Importance of thyroid hormones in intrauterine programming

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Article Information:


Group: 2010
Subgroup: Volume 8, Issue 4, Autumn
Date: September 2010
Type: Editorial
Start Page: 186
End Page: 187

Authors:

  • Saleh Zahediasl
  • Endocrine Research Center, Research Institute for Endocrine Sciences, Shahid Beheshti University of Medical Sciences, Tehran, IR.Iran

      Correspondence:

      Affiliation: Endocrine Research Center, Research Institute for Endocrine Sciences, Shahid Beheshti University of Medical Sciences
      City, Province: Tehran,
      Country: IR.Iran
      Tel: +98-2122432500
      Fax: +98-2122416264
      E-mail: zahedi@endocrine.ac.ir

Abstract:


Implication for health policy/practice/research/medical education:

The editorial draws the attention again on the importance of thyroid hormones in development particularly during fetal life. This is important from basic as well asclinical points of view.


Please cite this paper as:

Zahediasl S. Importance of thyroid hormones in intrauterine programming. Int J Endocriol Metab. 2010;8(4):186-7.


Keywords: Thyroid hormones;Intrauterine programming;Cardiovascular function;Carbo hydrate metabolism

Manuscript Body:


Cross-sectional studies in humans and experimental data from animals have shown that a disturbed intrauterine environment can lead to morbidity in adult life. The phenomenon is known as Barker’s theory, which was established almost 25 years ago (1-4). This concept has also been termed developmental programming (5), intrauterine programming (6), fetal programming (7), prenatal programming (8), and developmental origin of health and disease (DOHaD) (4) by different authors. Previous studies have revealed the effects of different types of alteration of the uterine environment on adulthood disease. Changes in intrauterine conditions can be due to malnutrition (9, 10), oxygen delivery capacity of the placenta (11), stress (12), and endocrine disorders (13). Among the endocrine disruptions during fetal life, thyroid abnormalities can cause a wide spectrum of morbidities during adult life. This is because thyroid hormones are crucial for development, differentiation, and metabolism (14).The fetal thyroid gland matures by 11–12 weeks of fetal age and starts to secrete the hormones by 16 weeks (15).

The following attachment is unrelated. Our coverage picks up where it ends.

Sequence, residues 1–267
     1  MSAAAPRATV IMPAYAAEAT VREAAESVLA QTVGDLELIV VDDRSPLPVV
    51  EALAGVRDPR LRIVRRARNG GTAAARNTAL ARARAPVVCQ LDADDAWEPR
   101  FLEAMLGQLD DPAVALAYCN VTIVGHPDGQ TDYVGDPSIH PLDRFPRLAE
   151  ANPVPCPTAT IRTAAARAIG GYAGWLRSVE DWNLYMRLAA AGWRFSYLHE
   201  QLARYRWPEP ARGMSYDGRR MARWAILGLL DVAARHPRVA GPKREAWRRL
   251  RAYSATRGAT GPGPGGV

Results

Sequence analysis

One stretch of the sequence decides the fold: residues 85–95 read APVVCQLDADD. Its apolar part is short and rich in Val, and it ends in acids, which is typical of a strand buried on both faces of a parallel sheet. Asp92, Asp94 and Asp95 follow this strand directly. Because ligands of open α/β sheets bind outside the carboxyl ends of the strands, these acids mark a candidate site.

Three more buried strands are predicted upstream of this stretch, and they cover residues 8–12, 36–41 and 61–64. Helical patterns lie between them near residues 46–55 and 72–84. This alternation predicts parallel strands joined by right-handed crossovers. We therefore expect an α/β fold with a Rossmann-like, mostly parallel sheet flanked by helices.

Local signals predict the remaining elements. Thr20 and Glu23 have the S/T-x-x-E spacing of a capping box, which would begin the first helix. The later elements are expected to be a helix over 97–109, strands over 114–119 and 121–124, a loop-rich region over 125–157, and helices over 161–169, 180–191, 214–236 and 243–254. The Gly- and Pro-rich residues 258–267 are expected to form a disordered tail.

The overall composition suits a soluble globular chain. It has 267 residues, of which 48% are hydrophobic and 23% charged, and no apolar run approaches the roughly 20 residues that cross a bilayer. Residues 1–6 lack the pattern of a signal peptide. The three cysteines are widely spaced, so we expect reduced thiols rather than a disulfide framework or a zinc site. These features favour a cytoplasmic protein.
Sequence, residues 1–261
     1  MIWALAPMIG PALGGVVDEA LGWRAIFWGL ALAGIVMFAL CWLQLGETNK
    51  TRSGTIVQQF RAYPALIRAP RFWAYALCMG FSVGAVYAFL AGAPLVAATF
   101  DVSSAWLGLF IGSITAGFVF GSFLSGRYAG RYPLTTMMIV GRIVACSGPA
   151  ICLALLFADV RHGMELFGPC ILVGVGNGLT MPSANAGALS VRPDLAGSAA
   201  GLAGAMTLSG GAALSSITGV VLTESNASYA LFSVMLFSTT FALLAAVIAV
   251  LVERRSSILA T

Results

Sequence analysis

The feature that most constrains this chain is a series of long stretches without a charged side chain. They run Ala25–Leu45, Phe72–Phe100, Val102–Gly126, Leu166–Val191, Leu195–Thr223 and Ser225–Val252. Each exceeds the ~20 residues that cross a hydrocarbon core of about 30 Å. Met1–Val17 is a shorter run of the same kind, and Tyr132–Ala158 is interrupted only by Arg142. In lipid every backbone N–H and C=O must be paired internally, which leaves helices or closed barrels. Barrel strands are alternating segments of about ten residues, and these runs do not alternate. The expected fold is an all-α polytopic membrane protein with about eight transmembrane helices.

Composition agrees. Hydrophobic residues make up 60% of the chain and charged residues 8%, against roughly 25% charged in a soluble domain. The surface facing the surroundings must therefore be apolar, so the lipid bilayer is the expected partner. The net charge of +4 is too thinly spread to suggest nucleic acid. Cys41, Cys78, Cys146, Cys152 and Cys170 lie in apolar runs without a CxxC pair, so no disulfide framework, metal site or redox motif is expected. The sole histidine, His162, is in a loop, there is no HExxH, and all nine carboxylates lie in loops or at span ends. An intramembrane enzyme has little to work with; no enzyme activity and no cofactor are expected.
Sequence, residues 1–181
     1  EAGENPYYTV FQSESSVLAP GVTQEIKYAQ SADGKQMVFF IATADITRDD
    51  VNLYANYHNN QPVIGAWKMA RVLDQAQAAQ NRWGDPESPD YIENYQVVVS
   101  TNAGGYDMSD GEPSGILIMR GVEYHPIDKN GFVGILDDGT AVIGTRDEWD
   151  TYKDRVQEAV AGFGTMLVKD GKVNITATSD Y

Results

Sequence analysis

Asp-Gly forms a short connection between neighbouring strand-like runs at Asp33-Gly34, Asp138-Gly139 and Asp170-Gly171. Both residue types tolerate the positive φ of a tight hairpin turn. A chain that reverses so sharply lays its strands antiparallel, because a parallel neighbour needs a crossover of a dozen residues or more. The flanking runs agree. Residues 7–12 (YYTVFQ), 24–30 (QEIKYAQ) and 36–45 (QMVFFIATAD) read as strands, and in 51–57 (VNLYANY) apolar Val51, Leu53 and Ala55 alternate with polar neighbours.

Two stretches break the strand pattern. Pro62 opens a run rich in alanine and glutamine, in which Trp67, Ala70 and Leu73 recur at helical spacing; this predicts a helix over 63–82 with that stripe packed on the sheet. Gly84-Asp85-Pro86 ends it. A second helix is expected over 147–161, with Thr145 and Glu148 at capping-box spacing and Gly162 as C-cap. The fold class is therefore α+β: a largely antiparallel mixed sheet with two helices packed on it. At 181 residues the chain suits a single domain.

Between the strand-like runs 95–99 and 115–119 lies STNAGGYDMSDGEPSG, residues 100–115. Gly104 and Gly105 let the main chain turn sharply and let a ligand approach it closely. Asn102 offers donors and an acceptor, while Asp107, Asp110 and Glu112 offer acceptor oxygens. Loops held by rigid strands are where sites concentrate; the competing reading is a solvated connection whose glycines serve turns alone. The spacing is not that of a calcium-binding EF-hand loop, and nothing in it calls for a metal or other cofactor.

During this period, the demands of the developing fetus for thyroid hormones are met by the maternal thyroid (14). During fetal life, thyroid hormones can have significant impacts on different physiological characteristics of neonates as well as the offspring. The effect of fetal hypothyroidism on brain development is very well established (16), and it has been suggested that this can precipitate abnormalities in the cardiovascular development and function (17) and reproductive system (18) of the offspring. Evidently, the role of thyroid hormones on the development of muscle is also very important. In an animal model study in rats, it was shown that hypothyroidism during skeletal muscle development suppresses the transformation of myosin heavy chain isoforms (19). In another rat study, it was shown that propylthiouracil administered to mothers during pregnancy suppressed thyroid hormone levels in both the mother and the fetus. This led to a decreased response of the aorta rings (in vivo) of offspring to KCl and phenylephrine at the time of adulthood, and appears to be due to changes in smooth muscle structure in the intima (20). Furthermore, there are signs that the function of the endothelial cells might also be altered (data to be published). In a very recently published study, we showed that hypothyroidism induced during pregnancy affects both the mother and the fetus, leading to abnormality of the glucose (in vitro) and reduced insulin secretion capacity of isolated islets (in vitro) in the male offspring (21).It appears that fetal hypothyroidism can affect intrauterine programming more extensively than is believed. Further elucidation of this phenomenon will require extensive epidemiological and experimental studies.

Acknowledgements

Linguistic editing by Ms. N. Shiva is very much appre ciated.

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